Another point would be lining up your shot and then shooting a burst. Birds can move thier heads quickly, the pose that was there when you started to depress the shutter release may not be there when you fully activate the shutter. With a one or two second burst, the bird has time to move it's head out of the frame and then move back in again, and I do not refocus for that as long as the body hasn't move. Any body movement requires a complete refocus, and even in a long burst a quick refocus is preferable, just in case you didn't nail it the first time. This often produces 8 to 10 times the number of times the number of images you actually need, sometimes 8 in the exact same pose, but for especially small birds it's absolutely essential. There's a lot of head bobbing and tilting, there is very quick unanticipated motion blur, and the head of the bird may move in and out of the Depth of Field.

IMHO single point focus, focussed on the eye (although you may choose to move that point, but it must still remain a single point) and burst is the best way, especially for smaller birds.
Excellent advice Norm. I've seen fellow photogs use continuous focus on relatively static birds and not getting the results they expected, with wayward leaves or branches becoming the focus not uncommon. As you say, single-point AF-S pretty well fixes that.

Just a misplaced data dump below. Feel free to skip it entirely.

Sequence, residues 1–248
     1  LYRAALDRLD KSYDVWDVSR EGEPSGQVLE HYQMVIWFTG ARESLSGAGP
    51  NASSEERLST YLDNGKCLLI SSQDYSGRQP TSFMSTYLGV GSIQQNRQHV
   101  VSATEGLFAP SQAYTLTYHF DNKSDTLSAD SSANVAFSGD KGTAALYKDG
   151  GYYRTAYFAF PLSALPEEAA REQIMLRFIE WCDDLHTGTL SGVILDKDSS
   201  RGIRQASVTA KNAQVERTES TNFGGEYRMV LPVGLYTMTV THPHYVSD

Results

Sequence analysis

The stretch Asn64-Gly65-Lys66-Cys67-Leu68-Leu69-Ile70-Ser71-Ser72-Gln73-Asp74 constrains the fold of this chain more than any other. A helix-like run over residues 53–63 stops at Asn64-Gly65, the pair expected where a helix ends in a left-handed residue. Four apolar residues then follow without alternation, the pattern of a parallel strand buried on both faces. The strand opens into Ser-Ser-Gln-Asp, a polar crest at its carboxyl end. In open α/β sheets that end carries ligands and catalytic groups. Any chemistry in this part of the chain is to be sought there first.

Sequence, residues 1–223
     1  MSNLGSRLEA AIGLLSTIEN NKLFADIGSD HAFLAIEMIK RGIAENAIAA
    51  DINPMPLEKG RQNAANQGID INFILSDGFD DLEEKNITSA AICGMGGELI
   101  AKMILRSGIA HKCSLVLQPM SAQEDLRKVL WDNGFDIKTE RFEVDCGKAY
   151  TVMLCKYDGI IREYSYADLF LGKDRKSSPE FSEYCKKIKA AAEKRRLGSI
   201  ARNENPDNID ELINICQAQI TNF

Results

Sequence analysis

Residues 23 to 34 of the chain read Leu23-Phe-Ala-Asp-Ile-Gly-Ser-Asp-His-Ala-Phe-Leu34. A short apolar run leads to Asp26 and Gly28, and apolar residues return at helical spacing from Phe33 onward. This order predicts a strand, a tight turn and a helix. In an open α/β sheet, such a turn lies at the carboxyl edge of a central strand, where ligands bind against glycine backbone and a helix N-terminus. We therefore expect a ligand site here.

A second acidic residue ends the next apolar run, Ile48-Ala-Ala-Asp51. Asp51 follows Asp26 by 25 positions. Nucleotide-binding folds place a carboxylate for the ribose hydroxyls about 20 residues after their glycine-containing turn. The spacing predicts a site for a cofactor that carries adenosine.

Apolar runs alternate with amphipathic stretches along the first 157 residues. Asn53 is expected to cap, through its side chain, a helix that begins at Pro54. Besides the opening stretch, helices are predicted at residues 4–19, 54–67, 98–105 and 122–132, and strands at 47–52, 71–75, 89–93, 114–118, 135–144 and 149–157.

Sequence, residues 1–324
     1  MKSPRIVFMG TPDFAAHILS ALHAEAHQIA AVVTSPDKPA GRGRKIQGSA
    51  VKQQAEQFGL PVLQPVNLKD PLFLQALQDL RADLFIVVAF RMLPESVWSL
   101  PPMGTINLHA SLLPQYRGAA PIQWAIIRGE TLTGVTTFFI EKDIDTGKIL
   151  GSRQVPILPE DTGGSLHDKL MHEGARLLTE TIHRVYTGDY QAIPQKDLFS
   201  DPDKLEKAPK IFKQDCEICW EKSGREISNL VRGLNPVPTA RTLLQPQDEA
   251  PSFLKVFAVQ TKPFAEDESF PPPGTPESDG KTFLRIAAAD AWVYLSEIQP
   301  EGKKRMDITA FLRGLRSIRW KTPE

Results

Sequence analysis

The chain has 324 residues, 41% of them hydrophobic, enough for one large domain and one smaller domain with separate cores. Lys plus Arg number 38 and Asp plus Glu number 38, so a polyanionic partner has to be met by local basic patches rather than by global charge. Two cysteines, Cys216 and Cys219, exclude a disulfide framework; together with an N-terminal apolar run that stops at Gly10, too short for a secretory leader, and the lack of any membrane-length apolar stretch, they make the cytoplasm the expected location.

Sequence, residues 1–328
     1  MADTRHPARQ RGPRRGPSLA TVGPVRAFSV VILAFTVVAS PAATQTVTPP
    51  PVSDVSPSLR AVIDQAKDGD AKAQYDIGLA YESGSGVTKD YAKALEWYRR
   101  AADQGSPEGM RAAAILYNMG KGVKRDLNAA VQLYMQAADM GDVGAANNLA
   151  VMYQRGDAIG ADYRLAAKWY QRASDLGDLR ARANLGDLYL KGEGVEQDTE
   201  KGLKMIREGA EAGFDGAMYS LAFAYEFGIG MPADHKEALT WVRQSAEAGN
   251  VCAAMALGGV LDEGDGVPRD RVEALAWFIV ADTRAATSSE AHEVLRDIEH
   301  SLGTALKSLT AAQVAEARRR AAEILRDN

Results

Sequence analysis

11-27-2022, 08:05 AM - 2 Likes   #30
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QuoteQuote:
As you say, single-point AF-S pretty well fixes that.
Not to mention that Pentax AF-s is right up with anyones. It's tracking where the Pentaxes are typically weaker (now addressed with the K-3iii). For the way I shoot, there's actually no advantage to other systems. I simply don't have many opportunities to use tracking.

Most of the time when I use tracking, it's for practice and to prove it can be done. In the last 10 years I've used it maybe three times in real life.

Even my Snowy Owl is AF-s. And with a slow focussing lens. The DA 55-300 is a comparative dream in AF speed. And to a certain degree it was less that the speed focussing of lenses, most of the cameras had more capability than the lenses could take advantage of. Which you can see when T is using the DA 55-300 PLM (without Aperture control, but hat's never been problem.) One of their oldest cameras has vastly increased AF speed, with a fast focussing lens.


Pentax used to produce only "Field" cameras. The K-3iii and DA 55-300 changed that.

Last edited by normhead; 11-27-2022 at 08:16 AM.